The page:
AURORA, Colo. — Missy Franklin, a five-time Olympic gold medalist from Colorado, announced her retirement from competitive swimming on Wednesday in a letter published on ESPN.com.
Franklin, 23, was also a two-time FINA World Swimmer of the Year.
“It took me a long time to say the words, ‘I am retiring,’” she wrote. “A long, long time. But now I’m ready.”
Franklin, then 17, won four gold medals during the 2012 Olympics in London while she was a student at Regis Jesuit High School in Aurora. She grew up in Centennial.
But chronic shoulder pain she has battled since 2015 forced her to retire.
“I’m ready to not be in pain every day. I’m ready to become a wife, one day a mother,” she wrote. “I’m ready to continue growing each and every day to be the best person and role model I can be. I’m ready for the rest of my life.”
Franklin became the first American woman to win four gold medals in a single Olympics in any sport in 2012. She won six gold medals at the 2013 World Aquatics Championships.
She then attended the University of California Berkeley and was part of the team that won the 2015 NCAA championship.
She turned professional before the 2016 Rio Olympics and returned to Colorado to swim for her youth coach, Todd Schmitz.
But months before the Olympics, she experienced “intense” shoulder pain. She later revealed she was also battling depression, insomnia and anxiety.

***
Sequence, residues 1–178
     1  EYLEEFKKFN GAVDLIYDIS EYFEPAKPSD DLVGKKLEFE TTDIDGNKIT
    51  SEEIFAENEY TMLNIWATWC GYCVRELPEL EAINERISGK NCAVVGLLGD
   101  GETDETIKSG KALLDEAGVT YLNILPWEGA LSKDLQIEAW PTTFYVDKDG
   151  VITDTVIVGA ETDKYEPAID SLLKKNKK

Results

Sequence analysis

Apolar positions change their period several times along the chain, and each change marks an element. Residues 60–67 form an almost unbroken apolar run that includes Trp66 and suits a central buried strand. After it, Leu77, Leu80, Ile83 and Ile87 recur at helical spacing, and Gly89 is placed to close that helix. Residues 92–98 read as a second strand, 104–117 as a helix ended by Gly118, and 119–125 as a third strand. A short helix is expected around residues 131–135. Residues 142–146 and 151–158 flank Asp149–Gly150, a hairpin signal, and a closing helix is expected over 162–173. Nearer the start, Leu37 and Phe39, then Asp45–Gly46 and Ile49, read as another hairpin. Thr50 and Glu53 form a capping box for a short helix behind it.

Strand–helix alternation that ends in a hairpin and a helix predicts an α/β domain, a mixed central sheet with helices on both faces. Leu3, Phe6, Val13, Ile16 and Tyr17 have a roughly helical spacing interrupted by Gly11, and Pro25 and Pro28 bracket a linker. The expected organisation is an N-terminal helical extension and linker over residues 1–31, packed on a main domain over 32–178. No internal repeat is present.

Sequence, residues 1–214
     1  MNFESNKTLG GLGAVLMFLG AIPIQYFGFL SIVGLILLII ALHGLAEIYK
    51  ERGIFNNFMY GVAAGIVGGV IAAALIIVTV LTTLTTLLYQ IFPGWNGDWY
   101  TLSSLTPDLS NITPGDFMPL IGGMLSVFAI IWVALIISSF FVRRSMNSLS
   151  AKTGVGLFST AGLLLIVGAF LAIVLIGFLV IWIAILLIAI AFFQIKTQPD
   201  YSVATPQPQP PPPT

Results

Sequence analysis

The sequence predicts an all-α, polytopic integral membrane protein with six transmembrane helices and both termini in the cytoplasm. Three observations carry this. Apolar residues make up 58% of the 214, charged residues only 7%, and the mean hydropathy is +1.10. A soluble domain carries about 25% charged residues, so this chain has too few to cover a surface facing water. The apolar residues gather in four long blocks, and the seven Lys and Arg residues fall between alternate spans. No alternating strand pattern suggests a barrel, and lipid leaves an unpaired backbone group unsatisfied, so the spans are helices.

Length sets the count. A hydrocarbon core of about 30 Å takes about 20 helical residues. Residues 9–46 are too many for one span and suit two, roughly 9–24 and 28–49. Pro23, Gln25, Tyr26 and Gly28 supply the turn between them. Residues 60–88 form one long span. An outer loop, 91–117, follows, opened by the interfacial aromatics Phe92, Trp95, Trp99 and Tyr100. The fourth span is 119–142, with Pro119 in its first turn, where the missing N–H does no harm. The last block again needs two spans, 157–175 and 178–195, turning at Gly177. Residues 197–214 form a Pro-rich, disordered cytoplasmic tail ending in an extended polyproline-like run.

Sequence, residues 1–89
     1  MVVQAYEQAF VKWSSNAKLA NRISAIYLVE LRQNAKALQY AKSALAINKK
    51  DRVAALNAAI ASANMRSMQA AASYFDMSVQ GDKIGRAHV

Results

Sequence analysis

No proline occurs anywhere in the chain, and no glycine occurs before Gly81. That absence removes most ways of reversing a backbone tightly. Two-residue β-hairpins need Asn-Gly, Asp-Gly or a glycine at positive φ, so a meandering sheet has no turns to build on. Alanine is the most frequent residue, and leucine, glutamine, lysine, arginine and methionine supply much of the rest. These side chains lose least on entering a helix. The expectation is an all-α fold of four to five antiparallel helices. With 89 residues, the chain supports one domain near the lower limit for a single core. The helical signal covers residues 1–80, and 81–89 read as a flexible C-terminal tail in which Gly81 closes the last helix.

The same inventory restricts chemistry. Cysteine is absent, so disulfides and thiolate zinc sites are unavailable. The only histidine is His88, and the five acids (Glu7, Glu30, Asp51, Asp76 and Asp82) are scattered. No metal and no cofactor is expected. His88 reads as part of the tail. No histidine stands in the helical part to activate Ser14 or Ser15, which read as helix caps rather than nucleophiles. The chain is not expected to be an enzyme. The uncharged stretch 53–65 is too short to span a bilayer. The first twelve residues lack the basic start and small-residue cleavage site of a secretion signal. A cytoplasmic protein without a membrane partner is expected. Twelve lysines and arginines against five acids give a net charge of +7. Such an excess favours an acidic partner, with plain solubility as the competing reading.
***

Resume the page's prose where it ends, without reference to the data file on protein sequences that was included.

At Rio, she failed to qualify for the finals in the two individual events she had qualified for. She won a gold medal by swimming in the preliminary heat of the 4×200-meter freestyle relay.
“Looking back, surviving those eight days in Rio was the greatest accomplishment of my career,” Franklin wrote. “I was able to stay true to who I was as much in failure and disappointment as I had in winning and being the best in the world.”
Franklin underwent surgery on both of her shoulders in early 2017. She enrolled at the University of Georgia but was never able to regain her form from the 2012 Olympics.
She retires as the current world record holder in the 200-meter backstroke and finished with 27 medals in international competition.
“This is by no means the end,” Franklin wrote. “Rather I choose to look at this as a new beginning. Swimming has been, and always will be, a big part of my life and I absolutely plan to stay involved in what I feel is the best sport in the world, just in a different way.”